If we accept the theory that video games are marketed to heterosexual men, then it's not too far of a stretch to imagine that at least some of the artists, writers, and Youtubers perpetuating this phenomena are also straight-identified men. Is it possible that this trend illustrates the latent homoerotic overtones that exist between the male video gamer and the muscle-bound killers they control with a joystick? These “femme-selves” retain their boy names and personas, their “sex change” being more of a palette swap than a genuine transition. Does providing a plot twist by which Akuma or Mr. Karate could become a woman make it more acceptable for a straight male to fantasize about them? Is fantasizing about a male character who is magically transformed into a female one really all that straight? Is this a case of a “man crush” going to the next level?

And does it work in reverse? If by some strange occurrence Lara Croft or Samus Aran were transformed into androgynous boys, would men still retain their interest in the game? Would women become interested? Would we see a similar trend in straight female players fantasizing about turning Chun Li or Aya Brea into handsome gents? Furthermore, if some of the contributors to this niche are women, then what does that say about their attitudes towards male video game characters? Does making Guile into a girl make the games less of a "boy thing"? Does the fetish lie in the emasculation? Is the aim to justify male/male couplings in fan fic? Are we trying to step around the sexuality? Do straight women find it more acceptable to fantasize about a woman if it's actually "a man" underneath? Does this apply to other forms of media? Do straight women want to see Harry Potter or Edward Cullen magically turned into awkward females? Is this an example of same-sex attraction or just an attraction to transformation fetish? Can you be attracted to the idea of a man becoming a woman and not be attracted to women? Or men? What does it all mean?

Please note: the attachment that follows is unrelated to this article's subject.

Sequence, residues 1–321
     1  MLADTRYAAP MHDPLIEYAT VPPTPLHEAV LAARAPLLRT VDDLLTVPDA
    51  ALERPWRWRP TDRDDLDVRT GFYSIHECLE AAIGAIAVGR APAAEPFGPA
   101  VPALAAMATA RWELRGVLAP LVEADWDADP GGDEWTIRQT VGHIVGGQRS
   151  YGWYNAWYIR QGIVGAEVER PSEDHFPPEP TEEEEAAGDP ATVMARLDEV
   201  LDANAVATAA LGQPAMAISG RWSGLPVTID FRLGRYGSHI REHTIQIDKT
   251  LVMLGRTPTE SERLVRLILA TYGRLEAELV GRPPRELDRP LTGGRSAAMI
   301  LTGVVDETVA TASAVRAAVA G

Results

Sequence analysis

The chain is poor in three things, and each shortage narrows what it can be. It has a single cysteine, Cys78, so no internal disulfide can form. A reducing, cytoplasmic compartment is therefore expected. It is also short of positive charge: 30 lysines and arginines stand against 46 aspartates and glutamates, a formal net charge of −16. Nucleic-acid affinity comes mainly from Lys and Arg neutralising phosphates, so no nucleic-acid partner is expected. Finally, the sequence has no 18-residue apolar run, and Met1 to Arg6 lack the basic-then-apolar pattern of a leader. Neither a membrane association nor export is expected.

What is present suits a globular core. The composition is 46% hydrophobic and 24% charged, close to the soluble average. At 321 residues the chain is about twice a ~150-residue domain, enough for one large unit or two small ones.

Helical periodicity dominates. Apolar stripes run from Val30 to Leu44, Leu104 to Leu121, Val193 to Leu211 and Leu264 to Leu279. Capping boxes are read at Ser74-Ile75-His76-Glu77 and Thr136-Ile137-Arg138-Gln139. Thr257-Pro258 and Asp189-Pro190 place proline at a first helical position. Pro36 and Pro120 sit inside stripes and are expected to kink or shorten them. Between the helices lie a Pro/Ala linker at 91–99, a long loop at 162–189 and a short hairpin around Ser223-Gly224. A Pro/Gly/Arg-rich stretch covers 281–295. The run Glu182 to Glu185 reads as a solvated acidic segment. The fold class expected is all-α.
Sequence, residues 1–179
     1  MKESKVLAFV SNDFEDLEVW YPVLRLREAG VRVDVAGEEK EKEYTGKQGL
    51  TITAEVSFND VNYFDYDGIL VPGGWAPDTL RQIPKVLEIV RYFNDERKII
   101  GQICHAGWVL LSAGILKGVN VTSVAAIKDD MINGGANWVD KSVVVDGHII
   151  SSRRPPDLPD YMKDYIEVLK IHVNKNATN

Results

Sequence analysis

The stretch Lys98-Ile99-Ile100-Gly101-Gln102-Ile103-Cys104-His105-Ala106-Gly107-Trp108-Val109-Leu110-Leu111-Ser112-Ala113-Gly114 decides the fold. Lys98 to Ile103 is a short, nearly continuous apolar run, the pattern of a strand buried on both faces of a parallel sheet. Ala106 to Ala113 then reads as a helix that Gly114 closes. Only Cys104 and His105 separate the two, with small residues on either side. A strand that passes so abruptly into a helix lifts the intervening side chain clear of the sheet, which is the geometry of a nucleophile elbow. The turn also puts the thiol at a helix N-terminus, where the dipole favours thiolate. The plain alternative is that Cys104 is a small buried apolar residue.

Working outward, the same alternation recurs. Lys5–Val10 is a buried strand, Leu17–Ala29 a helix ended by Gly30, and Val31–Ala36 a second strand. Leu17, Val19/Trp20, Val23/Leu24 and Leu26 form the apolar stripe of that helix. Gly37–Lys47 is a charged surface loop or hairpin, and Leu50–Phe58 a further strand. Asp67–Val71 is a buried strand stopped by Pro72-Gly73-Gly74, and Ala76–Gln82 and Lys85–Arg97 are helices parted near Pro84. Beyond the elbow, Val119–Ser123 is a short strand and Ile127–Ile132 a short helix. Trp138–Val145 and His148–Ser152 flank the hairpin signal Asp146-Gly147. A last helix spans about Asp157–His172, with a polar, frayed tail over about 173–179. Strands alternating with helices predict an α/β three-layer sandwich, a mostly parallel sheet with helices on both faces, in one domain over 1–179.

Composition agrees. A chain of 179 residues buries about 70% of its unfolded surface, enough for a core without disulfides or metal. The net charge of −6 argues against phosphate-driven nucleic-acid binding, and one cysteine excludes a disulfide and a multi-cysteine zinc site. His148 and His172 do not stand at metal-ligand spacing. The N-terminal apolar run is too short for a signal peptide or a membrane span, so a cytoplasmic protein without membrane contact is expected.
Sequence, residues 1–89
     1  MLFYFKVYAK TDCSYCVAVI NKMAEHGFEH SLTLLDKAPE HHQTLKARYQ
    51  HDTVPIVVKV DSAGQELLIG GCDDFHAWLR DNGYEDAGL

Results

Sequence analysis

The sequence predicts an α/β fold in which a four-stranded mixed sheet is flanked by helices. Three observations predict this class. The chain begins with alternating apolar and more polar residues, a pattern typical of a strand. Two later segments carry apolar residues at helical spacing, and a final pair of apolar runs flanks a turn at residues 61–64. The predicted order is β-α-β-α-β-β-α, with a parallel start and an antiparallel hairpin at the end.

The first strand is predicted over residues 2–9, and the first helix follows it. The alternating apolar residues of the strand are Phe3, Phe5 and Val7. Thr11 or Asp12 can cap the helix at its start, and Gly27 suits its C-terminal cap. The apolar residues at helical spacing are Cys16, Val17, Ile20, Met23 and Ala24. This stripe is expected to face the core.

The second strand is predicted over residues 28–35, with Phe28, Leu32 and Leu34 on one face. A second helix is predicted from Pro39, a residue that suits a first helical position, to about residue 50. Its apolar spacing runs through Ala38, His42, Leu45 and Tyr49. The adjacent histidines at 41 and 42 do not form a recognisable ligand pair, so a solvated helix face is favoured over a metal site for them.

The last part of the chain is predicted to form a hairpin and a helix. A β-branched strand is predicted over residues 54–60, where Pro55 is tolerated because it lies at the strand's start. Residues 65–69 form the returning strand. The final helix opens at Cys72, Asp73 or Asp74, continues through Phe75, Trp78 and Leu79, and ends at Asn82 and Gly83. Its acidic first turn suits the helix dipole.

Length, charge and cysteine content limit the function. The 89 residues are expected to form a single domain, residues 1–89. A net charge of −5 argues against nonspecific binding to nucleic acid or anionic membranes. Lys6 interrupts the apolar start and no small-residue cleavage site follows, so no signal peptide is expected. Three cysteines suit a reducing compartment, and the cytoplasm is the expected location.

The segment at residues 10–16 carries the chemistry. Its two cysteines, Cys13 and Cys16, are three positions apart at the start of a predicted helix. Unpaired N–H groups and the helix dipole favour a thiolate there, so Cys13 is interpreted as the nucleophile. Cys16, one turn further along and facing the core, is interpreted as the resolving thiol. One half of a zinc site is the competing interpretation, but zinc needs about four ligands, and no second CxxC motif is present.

Back on the topic of RPGs, a similar fad has emerged in which artists depict Cloud, who cross-dressed in Final Fantasy VII, as a transgendered woman. Is there a significant demographic of tranny chasers in the video game community? And why was that quest featured in the game? Does making the pensive protagonist dress up as a lady serve an actual purpose, or is it just comic relief? Is it meant to explain why Cloud constantly rebukes Tifa's advances and ends up alone in the game and subsequent crappy CG movie? Is Square Enix trying to hint that he was bi/gay without alienating their "hetero male audience"? And what was with Squall in FFVIII and Tidus in FFX? Are they providing an "in" (or is it an "out") for people regarldess of gender or orientation to find their brooding, pensive protagonists attractive?

Is the sexuality of the average gamer more fluid than the media and the onslaught of space marine blood orgies would suggest? Are video games (RPG and fighting games in particular) providing the arena through which the “straight” audience can express their homoerotic desires? Are games encouraging the fetishization, othering, and ignorance about transsexualism? Or is sexuality not a factor here? Is this all a harmless joke? Is the fan-inspired art that comes from video games a different animal entirely and not reflective of the original media?

Is any of this making sense to anyone else?

Creative Commons License